Updated Feb 12, 2014 - 3:46 pm
Arizona prepares to host Super Bowl XLIX
"We're finally on the clock," said Rousseau, Chairman of the Super Bowl host committee.
Rousseau and some of the committee went to MetLife Stadium this month for the latest Super Bowl to get a scope of how the biggest football game of the year is handled from a business perspective.
"The NFL did a great job of promoting the idea of Ďwe will see you in Arizona next year'," Rousseau told Doug and Wolf on Arizona Sports 98.7 FM. "I think we just have to capture that momentum and make the most of it and finish up our fundraising over the course of the next 60-90 days and then we'll have one job of executing it."
The trip to New Jersey included bracing for a predicted cold patch of weather that was abnormal for the Super Bowl and gathering prospective ideas for the third time Arizona will host the game.
"We felt like we needed to go and expose a cross-section of our staff and our sponsors to what is the latest and greatest from a NFL delivery standpoint on a Super Bowl," Rousseau said. "Their predicted weather was sort of the story and I think as a result it kept a lot of otherwise interest that would normally percolate around a Super Bowl from happening."
While it's almost a guarantee that Glendale will be a warmer Super Bowl spot than East Rutherford, the committee is not looking away from possible problems regarding transportation and temperature.
"I think they did a great job on many fronts on managing transportation issues, at least from our perspective," Rousseau said. "Unfortunately folks that were encouraged to take the train home after the game were met with a couple hour wait, but they were waiting in much milder temperatures than they anticipated."
Rousseau was not involved in the host committee when the Super Bowl was last played in the University of Phoenix Stadium in 2008, however he praises his predecessor, Mike Kennedy, for showcasing Arizona's assets. The chances of the Super Bowl returning were strengthened by upgrades to state-wide transportation, helping Arizona to be picked over both Tampa and Miami.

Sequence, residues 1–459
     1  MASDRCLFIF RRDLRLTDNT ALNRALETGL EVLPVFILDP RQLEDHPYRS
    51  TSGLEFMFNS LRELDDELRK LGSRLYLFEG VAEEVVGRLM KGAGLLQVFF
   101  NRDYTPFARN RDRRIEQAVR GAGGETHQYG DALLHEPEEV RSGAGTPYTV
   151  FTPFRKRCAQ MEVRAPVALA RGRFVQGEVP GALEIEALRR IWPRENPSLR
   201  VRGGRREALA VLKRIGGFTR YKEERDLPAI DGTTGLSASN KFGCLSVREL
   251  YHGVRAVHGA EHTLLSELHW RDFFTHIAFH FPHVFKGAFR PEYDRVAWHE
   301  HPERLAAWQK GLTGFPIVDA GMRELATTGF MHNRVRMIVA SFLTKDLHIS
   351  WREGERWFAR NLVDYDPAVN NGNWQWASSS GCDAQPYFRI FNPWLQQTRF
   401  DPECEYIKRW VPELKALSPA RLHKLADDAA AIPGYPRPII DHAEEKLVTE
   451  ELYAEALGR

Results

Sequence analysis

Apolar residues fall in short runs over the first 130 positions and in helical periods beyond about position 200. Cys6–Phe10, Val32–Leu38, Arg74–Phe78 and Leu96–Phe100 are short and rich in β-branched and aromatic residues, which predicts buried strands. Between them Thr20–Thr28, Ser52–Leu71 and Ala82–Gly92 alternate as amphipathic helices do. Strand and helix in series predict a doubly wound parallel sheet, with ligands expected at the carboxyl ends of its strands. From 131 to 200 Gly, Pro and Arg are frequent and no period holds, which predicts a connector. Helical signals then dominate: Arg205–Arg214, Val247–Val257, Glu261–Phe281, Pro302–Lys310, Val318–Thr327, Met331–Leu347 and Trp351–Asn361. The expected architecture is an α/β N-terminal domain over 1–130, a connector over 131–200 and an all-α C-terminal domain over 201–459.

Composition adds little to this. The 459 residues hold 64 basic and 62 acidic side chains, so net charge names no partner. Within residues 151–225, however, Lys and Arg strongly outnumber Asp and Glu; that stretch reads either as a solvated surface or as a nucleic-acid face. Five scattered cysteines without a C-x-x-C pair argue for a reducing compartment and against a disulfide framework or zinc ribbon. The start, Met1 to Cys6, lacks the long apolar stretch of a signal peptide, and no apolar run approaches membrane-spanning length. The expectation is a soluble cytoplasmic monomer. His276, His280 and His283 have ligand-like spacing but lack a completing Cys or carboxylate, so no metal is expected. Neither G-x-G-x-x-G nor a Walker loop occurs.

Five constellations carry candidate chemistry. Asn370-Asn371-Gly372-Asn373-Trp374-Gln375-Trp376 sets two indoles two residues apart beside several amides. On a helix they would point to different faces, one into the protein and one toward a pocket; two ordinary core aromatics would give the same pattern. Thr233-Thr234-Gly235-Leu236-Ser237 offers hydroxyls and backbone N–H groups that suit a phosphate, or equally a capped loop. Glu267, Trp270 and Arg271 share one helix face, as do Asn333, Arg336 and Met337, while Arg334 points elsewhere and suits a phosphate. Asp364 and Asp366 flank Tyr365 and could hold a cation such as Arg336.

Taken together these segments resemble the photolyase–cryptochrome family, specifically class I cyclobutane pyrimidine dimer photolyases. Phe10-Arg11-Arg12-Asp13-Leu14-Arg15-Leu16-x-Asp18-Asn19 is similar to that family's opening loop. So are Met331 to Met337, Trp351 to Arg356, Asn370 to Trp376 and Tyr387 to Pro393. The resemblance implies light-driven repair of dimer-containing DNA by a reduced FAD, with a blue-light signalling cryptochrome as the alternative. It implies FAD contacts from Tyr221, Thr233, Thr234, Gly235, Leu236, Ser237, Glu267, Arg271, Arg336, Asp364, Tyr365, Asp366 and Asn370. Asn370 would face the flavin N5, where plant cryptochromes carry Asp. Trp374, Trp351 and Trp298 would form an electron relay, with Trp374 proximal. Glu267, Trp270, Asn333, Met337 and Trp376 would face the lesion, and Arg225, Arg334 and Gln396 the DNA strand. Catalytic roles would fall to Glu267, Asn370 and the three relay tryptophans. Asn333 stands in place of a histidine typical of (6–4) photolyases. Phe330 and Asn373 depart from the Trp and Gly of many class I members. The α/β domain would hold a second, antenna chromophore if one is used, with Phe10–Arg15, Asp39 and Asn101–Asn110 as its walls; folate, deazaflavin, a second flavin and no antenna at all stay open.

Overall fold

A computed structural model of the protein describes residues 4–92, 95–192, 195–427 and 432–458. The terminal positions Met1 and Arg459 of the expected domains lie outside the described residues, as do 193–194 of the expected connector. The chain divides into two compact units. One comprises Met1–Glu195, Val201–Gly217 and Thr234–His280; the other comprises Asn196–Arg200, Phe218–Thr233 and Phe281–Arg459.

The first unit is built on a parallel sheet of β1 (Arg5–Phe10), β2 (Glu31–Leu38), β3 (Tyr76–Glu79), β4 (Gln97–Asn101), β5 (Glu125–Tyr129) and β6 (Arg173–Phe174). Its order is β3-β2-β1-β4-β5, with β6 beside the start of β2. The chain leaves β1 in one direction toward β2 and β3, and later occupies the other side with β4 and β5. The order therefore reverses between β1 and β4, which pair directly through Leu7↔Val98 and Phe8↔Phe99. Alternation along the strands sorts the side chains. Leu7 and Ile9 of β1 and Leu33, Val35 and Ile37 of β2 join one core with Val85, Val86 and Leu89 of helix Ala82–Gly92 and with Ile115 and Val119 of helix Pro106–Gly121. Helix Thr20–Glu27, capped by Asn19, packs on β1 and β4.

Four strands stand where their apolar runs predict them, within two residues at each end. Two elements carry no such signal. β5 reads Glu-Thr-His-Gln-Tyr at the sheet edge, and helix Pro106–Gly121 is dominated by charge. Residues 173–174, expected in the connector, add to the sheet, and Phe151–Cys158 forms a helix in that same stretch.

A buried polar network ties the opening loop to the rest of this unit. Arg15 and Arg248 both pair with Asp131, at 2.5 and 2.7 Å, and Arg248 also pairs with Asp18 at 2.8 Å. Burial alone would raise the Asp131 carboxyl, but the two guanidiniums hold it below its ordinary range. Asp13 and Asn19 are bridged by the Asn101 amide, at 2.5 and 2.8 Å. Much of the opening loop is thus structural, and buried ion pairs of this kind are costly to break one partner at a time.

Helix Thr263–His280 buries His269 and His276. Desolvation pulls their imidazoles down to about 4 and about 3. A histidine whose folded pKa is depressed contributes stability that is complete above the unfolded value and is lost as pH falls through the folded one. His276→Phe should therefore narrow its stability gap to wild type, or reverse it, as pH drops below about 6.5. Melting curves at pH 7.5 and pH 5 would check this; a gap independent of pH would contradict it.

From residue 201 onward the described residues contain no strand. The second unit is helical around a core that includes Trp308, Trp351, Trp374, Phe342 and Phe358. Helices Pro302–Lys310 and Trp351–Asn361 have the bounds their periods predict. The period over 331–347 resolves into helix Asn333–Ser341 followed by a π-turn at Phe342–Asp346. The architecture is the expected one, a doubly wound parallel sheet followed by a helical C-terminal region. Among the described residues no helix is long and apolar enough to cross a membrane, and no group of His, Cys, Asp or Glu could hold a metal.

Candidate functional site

"That game set records at the time for the most watched television event ever," Rousseau said of Arizona's last Super Bowl. "The effort was successful in securing the bid for the 2015 game on the strength of investments that have been made in the Valley. Those have been regional investments including the Convention Center in downtown Phoenix and the light rail system that have since been installed since 2008."
Eleven months away from kickoff in Glendale, tickets for the game have already been added to many people's wish lists, but acquiring them is easier said than done. Rousseau says there simply aren't enough tickets.
"Cardinals' season ticket holders get to participate in a lottery for tickets and the NFL has its own lottery that runs through June," Rousseau said. "I think the best thing we can all do to improve our chances in that lottery is to hope for another successful season for the Cardinals because as a participating team they would be the beneficiary of a big chunk of additional tickets."
Training camp hasn't even started yet and OTAs are at least two months away, however if the Cardinals were to make the Super Bowl, it would be the first time in NFL history that the host team would play in the game.
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